The Garden Guide

Book: London Parks and Gardens, 1907
Chapter: Chapter 5 Greenwich Park

Seaman's Hospital and Ranger's House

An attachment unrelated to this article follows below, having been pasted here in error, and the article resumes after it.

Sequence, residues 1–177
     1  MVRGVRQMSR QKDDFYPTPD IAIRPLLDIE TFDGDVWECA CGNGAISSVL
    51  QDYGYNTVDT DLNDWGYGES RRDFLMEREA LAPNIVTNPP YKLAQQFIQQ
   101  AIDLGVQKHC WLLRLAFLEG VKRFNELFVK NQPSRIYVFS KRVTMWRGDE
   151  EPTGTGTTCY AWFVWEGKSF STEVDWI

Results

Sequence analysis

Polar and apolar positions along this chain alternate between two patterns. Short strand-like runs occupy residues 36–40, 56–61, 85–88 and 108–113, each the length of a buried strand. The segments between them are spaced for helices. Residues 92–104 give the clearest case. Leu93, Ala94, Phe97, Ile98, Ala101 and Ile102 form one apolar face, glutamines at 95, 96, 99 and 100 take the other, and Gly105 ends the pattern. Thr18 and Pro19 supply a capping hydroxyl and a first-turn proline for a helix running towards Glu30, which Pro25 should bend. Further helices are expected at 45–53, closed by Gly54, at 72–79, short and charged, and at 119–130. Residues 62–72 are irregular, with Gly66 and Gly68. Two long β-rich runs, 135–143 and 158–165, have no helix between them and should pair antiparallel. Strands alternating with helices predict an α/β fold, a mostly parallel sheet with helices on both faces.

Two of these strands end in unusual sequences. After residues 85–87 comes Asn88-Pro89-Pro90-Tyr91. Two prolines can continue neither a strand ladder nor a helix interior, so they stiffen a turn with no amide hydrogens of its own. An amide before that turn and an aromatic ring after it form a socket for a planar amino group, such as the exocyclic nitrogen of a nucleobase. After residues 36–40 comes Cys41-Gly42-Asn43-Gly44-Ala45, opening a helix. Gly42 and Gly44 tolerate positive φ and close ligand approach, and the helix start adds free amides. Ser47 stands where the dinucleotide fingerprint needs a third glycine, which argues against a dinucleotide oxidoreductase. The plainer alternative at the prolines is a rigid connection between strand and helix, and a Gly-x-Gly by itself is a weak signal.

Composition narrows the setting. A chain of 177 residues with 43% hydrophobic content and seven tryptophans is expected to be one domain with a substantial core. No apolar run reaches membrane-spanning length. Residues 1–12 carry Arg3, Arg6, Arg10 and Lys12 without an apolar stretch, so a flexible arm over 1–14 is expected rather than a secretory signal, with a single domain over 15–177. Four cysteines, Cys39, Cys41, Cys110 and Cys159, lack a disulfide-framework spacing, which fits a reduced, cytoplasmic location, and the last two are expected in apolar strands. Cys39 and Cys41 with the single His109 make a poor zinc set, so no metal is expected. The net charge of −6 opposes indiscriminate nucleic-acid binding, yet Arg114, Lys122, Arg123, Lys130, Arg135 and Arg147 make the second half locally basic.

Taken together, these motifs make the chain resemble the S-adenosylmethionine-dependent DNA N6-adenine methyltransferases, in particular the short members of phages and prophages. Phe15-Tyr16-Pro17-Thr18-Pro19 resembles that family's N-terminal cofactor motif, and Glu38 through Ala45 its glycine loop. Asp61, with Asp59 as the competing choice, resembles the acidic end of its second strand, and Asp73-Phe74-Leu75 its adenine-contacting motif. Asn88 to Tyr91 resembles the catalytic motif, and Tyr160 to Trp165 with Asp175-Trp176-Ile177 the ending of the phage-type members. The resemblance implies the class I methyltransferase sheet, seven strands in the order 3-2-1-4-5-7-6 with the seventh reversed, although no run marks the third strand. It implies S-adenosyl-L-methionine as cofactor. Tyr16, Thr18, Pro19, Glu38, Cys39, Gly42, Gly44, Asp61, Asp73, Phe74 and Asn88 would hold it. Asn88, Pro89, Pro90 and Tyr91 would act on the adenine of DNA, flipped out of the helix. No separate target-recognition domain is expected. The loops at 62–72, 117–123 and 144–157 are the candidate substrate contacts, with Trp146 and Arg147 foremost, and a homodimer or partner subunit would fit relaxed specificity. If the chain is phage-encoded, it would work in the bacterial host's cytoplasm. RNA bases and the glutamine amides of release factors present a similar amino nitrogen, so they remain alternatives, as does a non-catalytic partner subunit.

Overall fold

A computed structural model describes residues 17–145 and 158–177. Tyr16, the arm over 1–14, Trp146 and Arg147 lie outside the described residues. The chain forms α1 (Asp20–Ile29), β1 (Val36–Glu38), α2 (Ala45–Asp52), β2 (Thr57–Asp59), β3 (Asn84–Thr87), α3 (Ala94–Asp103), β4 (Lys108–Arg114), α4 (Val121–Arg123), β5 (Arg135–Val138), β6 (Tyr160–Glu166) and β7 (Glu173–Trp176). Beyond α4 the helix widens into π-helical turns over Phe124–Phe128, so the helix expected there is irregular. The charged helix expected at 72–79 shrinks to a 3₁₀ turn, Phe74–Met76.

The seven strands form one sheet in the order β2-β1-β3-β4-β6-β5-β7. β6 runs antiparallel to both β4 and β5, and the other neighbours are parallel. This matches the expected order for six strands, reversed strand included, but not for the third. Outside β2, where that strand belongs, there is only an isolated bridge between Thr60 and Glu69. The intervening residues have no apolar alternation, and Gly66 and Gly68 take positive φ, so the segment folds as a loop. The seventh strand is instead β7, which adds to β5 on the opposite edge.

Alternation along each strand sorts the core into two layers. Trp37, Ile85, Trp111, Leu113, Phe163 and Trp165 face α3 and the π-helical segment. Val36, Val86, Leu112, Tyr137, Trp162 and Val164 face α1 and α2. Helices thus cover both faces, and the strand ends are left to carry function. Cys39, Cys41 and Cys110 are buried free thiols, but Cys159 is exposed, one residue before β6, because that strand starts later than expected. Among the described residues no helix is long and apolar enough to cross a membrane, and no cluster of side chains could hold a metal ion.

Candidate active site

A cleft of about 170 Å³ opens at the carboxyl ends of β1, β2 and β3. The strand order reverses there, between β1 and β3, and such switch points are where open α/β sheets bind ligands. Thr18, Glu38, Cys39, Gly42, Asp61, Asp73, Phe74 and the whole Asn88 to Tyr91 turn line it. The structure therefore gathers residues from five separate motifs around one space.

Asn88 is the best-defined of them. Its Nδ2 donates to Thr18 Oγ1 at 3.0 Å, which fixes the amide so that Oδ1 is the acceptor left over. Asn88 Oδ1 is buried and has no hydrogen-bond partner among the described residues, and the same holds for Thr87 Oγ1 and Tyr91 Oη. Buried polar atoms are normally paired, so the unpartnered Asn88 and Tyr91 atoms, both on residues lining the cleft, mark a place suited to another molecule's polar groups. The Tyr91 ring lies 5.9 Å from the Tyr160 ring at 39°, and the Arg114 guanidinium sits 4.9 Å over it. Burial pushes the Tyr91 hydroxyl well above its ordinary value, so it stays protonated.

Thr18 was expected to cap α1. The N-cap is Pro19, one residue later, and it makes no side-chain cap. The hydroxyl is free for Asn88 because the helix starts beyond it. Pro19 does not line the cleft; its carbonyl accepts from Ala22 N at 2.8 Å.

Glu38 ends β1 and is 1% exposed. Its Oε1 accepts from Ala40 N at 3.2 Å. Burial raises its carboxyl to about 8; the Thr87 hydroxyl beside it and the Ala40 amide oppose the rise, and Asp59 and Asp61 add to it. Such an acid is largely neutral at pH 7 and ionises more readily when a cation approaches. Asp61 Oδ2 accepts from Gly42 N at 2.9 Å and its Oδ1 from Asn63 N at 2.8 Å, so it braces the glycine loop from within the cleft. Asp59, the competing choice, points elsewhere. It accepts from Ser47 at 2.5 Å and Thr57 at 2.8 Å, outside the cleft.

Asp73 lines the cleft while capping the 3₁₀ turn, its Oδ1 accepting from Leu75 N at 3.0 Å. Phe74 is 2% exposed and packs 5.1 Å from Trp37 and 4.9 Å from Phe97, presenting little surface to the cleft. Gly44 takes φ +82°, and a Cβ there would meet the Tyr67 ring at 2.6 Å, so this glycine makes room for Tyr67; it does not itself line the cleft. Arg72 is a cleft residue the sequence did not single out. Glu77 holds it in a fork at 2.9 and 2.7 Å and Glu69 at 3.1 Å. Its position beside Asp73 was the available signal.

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When William III. altered the building of Charles II. from a palace to a hospital for seamen in 1694 the Park was kept separate, and the Ranger lived in the "Queen's House." It was not until Princess Sophia held the office in 1816 that the residence was changed to the house which still goes by the name of the Ranger's Lodge, and was lived in by the last Ranger, Lord Wolseley. This Ranger's House had formerly belonged to Lord Chesterfield and many of the famous letters to his godson are dated from there. No special feature in the garden, which was thrown open to the public with the Park in 1898, can be attributed to him. He was not, as Lord Carnarvon's memoir of him points out, fond of the country; though he "took some interest in growing fruit in his garden at Blackheath, he had no love for his garden like Bacon" or Sir William Temple. There are some fine trees in the grounds, especially a copper beech, with a spread 57 feet in diameter, and a good tulip tree. Queen Caroline, as Princess of Wales, was Ranger in 1806, and lived in Montague House, since pulled down, and the "Queen's House" was appropriated to the Royal Naval School. At the same time the "Ranger's" was inhabited by the Duchess of Brunswick, her mother, and it was on her death that it was purchased by the Crown, and Princess Sophia, daughter of the Duke of Gloucester, came to live there as Ranger. The last royal personage to stay in the house was the Duke of Connaught, when studying at Woolwich; and now it serves as refreshment rooms for the numberless trippers who enjoy Greenwich Park in the summer.